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A decades-old mystery is finally solved.

A woman whose remains were discovered nearly 41 years ago by children in Southern California has been identified by authorities.

The remains, which were discovered in 1983 in what is now Lake Forest, Calif., a city roughly 45 miles outside of Los Angeles, were positively identified by authorities as Maritza Glean Grimmett, according to the Orange County, Calif., Sheriff’s Department.

In a news release last Friday, the sheriff’s department said Grimmett, who was once identified as a “Jane Doe,” was a Panamanian native who was just 20 years old when she disappeared. Grimmett married a U.S. Marine during the summer of 1978 and later moved to the United States, giving birth to a daughter that same year, the department said.

Grimmett was last heard from in July 1979 after telling her sister she was going to California following a divorce from her husband, the department said.

Sadly, her family said she was never seen or heard from again.

Once the children discovered Grimmett’s skull, investigators at the time searched and dug up the area, eventually finding about 70% of Grimmett’s remains. An anthropology exam conducted by officials in Orange County showed Grimmett was a Black or bi-racial woman between the ages of 18 and 24 years old and stood between 5 feet, 3 inches to 5 feet, 6 inches tall, according to deputies.

Grimmett also was reported to have “a distinctive gold tooth.”

Despite repeated attempts, investigators could not positively identify Grimmett — leaving her identity a mystery for decades.

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To help aid the search, investigators turned to forensic genetic genealogy

It wasn’t until 2022 that investigators with the Orange County Sheriff’s Department submitted a DNA sample from Grimmett to Othram Laboratories, a genetic genealogy company, to help with the search. Cold case investigators with the Orange County Sheriff’s Department eventually began working with the FBI’s Regional Genealogy Team to conduct investigative genetic genealogy.

After years of work, “a direct family line” for Grimmett was eventually found in late 2023. The distance relative suggested to deputies that they share the findings of the forensics investigation to a Facebook group focused on women who went missing during the 1970s and 1980s, the sheriff’s department said.

About a month after posting the findings, the Orange County Sheriff’s Department said they were contacted by a woman, who believed the body found in 1983 in Lake Forest was her missing mother.

More than four decades after children found a skull while playing, authorities have identified the woman as Maritza Glean Grimmett. A native of Panama, Grimmett moved to the U.S. in the 1970s.

With this new development, Orange County deputies say they hope it will bring some sort of resolution to Grimmett’s family and will help aid in finding out exactly how she died.

“Her family members passed never knowing what ever happened to her,” Bob Taft, an investigator with the Orange County Sheriff’s Department, told NPR.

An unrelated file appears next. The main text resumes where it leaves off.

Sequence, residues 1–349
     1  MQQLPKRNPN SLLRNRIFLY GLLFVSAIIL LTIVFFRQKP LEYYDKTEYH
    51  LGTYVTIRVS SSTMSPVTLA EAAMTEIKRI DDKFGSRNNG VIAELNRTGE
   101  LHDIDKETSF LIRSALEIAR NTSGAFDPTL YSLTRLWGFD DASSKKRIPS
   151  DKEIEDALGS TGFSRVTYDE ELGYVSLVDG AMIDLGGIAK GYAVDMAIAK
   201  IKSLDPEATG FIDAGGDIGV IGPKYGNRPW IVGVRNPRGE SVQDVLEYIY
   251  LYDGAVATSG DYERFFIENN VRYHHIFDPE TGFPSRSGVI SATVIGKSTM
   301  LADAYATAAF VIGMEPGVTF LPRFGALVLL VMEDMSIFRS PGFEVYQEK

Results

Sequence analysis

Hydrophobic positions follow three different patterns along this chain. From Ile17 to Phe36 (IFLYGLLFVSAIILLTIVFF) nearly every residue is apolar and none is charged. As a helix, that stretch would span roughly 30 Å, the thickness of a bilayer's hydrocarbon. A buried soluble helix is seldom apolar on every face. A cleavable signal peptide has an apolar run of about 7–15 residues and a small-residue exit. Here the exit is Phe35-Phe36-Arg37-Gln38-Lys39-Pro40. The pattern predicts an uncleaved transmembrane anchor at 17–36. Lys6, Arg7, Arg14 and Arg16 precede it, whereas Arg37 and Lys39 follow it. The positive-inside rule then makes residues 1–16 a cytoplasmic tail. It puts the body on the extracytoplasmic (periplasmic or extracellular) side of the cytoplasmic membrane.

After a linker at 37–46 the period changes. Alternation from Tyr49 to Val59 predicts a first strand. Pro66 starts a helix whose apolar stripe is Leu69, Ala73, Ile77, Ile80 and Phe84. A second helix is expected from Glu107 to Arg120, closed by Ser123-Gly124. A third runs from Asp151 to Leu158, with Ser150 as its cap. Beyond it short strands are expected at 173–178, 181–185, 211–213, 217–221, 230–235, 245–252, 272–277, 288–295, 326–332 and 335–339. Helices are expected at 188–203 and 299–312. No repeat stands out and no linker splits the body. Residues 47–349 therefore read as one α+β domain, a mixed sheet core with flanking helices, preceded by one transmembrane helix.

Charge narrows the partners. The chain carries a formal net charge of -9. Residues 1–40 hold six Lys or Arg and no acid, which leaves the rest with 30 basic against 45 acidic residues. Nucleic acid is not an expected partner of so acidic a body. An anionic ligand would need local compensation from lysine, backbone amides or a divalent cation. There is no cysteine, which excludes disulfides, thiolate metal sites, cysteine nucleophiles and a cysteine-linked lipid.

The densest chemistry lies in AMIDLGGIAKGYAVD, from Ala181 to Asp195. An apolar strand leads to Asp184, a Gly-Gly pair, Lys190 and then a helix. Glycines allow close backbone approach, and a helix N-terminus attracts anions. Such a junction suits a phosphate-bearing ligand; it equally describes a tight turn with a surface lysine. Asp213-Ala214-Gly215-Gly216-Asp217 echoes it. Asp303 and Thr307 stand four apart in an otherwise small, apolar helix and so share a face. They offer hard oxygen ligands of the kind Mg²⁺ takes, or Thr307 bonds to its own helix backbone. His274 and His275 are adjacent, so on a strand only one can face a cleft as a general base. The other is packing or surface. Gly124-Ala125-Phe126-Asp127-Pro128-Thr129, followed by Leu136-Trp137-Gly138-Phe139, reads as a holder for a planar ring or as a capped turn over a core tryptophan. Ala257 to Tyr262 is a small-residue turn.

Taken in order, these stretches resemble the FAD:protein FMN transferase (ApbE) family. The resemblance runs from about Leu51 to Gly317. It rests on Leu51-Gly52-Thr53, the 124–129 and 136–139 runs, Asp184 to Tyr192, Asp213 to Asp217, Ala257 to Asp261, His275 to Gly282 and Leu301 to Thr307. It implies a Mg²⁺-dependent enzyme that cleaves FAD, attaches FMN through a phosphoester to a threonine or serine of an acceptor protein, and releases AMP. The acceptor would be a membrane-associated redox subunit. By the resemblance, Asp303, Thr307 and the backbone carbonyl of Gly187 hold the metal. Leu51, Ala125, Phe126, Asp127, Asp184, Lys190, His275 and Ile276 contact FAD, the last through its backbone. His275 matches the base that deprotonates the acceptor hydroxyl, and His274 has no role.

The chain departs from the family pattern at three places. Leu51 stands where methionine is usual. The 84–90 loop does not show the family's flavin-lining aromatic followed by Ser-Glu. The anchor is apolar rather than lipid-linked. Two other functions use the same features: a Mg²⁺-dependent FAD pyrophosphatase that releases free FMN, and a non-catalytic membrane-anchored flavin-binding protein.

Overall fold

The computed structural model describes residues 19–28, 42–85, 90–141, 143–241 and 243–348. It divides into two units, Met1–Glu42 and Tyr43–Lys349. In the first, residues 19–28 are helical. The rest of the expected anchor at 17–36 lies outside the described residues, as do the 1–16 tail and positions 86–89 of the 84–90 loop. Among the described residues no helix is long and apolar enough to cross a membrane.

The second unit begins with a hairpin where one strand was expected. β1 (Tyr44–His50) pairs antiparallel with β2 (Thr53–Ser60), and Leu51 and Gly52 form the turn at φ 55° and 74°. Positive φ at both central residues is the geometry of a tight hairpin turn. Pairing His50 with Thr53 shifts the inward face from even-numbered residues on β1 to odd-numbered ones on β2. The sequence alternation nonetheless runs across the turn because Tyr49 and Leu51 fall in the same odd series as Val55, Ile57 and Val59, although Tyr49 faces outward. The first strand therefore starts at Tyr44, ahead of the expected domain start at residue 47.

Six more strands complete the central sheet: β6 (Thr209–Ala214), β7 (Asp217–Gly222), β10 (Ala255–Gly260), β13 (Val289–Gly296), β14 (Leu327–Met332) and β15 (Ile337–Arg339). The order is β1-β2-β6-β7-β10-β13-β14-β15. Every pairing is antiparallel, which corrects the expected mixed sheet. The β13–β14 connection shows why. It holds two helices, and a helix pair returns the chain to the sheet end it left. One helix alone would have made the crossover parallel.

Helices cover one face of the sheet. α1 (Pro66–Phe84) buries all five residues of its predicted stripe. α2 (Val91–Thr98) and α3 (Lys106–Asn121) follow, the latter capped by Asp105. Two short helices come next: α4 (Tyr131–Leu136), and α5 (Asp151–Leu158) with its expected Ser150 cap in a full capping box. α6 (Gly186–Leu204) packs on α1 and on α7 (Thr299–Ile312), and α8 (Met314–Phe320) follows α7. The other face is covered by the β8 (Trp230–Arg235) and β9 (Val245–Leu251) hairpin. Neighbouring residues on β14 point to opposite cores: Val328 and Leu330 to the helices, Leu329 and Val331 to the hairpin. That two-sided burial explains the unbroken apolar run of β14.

Taft emphasized that he never uses the word “closure” when it comes to investigations involving missing people — adding that for the families who are experiencing this type of trauma, there will never fully be closure.

“I feel the department, along with me personally, owe it to these families and loved ones to maintain the same tenacity in finding answers as the families do in searching for answers in looking for their loved ones,” he added.

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The positive identification of Grimmett represents the 39th case in California where authorities have publicly identified an individual using advanced technology, according to DNA Solves.

Advancements in technology have helped other cold cases

In recent years, the evolution of DNA technology has played a significant role in helping identify the remains of unidentified individuals across the United States.

In March, officials with the Defense POW/MIA Accounting Agency (DPAA) announced that the remains of David Walker from Norfolk, Va., were positively identified after military officials exhumed the unidentified remains of 25 people from the USS California who were buried in Honolulu.

Walker, who was just 19 years old when his battleship sunk at Pearl Harbor in 1941, was presumed dead following the attack. His body was finally recovered after eight decades.

In February, authorities in Oregon were able to identify a woman whose remains were found in a shallow grave by a Boy Scout troop leader nearly 54 years ago. The woman, later identified as Sandra Young, was a teenager from Portland who went missing between 1968 and 1969, according to Oregon state authorities.

In an interview with Portland TV station KOIN 6, Young’s nephew, Lorikko Burkett Gibbs, told the TV station that there are still many unanswered questions surrounding his aunt’s death.

“I know it’s still being investigated, but I think there needs to be more investigation about this,” Gibbs said. “The person who did this needs to pay for what they’ve done.”

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Felecia Phillips Ollie DD (h.c.) is the inspiring leader and founder of The Equality Network LLC (TEN). With a background in coaching, travel, and a career in news, Felecia brings a unique perspective to promoting diversity and inclusion. Holding a Bachelor's Degree in English/Communications, she is passionate about creating a more inclusive future. From graduating from Mississippi Valley State University to leading initiatives like the Washington State Department of Ecology’s Equal Employment Opportunity Program, Felecia is dedicated to making a positive impact. Join her journey on our blog as she shares insights and leads the charge for equity through The Equality Network.

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